Clubs and organisations have officers who are elected, and awards are given to those with outstanding performance, and most people know the more influential members.
Mom’s forums compare their babies’ milestones and their relationships both in an attempt to measure their own success as moms and to make sure their children are progressing. From the high achievers to those in search of fun and friends, we tend to compare.
However, these comparisons can stress us as we may come off as competitive or conceited when we make downward social comparison and may find ourselves lacking when making upward social comparison, which can create stress in our relationships.
In the last several years, social media had taken social comparison to an entirely new level. We see someone who is doing what we’re not or what we wish to do, and we may become stressing wondering if our efforts are enough, wages are enough or if we’re enjoying life enough.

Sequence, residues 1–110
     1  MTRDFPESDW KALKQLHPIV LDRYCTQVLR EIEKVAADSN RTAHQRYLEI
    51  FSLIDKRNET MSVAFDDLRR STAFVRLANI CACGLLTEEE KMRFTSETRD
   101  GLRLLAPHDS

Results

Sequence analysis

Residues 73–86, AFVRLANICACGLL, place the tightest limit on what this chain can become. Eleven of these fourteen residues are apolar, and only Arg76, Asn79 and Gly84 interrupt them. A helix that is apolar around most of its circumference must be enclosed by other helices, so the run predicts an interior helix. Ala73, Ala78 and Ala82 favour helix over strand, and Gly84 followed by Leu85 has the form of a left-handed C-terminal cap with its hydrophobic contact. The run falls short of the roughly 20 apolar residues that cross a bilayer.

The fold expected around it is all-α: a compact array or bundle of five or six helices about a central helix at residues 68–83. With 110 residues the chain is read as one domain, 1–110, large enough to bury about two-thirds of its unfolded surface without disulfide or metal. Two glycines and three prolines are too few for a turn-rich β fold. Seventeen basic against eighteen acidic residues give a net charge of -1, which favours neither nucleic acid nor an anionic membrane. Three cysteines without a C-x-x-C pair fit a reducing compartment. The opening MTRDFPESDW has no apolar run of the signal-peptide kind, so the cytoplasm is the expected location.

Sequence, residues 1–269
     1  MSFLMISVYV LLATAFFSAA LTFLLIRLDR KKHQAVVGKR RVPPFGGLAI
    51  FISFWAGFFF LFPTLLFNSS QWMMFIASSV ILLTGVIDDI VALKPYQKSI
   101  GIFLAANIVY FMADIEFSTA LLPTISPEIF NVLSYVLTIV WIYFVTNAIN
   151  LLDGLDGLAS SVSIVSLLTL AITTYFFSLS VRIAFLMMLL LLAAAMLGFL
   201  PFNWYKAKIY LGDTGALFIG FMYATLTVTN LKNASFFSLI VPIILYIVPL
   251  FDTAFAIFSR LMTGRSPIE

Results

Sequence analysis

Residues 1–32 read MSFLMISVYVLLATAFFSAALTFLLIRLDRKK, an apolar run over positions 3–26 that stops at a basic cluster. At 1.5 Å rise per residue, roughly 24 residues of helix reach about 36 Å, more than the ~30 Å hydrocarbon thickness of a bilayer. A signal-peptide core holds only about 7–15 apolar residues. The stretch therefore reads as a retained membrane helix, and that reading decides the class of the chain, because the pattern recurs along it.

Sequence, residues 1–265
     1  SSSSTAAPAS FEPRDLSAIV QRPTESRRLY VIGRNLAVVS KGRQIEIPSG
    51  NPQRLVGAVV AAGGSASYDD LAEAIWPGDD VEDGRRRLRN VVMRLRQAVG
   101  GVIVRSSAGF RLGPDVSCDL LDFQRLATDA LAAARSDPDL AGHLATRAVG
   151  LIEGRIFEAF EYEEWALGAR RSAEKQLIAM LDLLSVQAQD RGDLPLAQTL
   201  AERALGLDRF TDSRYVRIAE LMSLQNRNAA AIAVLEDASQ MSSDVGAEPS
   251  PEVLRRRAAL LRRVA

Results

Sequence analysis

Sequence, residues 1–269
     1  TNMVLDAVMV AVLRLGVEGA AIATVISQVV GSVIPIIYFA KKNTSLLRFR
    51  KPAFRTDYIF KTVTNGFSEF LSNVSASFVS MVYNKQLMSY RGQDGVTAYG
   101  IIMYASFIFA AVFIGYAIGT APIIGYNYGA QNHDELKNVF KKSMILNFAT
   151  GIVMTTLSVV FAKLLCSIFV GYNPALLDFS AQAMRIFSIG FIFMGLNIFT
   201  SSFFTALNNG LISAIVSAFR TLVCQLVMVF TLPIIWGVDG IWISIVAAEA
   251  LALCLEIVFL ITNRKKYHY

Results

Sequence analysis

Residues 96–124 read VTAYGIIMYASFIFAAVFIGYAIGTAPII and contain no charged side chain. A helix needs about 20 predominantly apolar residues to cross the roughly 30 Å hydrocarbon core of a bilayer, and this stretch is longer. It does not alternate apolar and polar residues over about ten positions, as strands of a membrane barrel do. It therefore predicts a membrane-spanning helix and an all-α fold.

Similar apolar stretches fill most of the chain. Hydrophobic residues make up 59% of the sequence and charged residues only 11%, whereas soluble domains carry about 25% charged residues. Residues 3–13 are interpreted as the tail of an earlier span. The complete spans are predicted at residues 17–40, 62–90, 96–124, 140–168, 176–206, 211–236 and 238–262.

We compare our normal lives with other people’s curetted best memories, not wanting to know if they’re just posting their highlights and the best-edited photos out of thousands, or if they’re actually sharing spontaneous and casual events as they happen.
Either way, a lot of people discover that social media showcases social comparison in all the worst ways, making us feel worse about our situations, and studies seem to back this up.
This occurs in our casual, real-life scenarios as well, however. Have you noticed yourself feeling an iota of satisfaction when you hear someone else has fallen down a bit, going through some misfortune that that makes you feel luckier when you compare?
Conversely, have you found yourself feeling happy for a friend when they break their good news but fell a tiny jolt of regret for yourself that you’re not experiencing the same food fortune?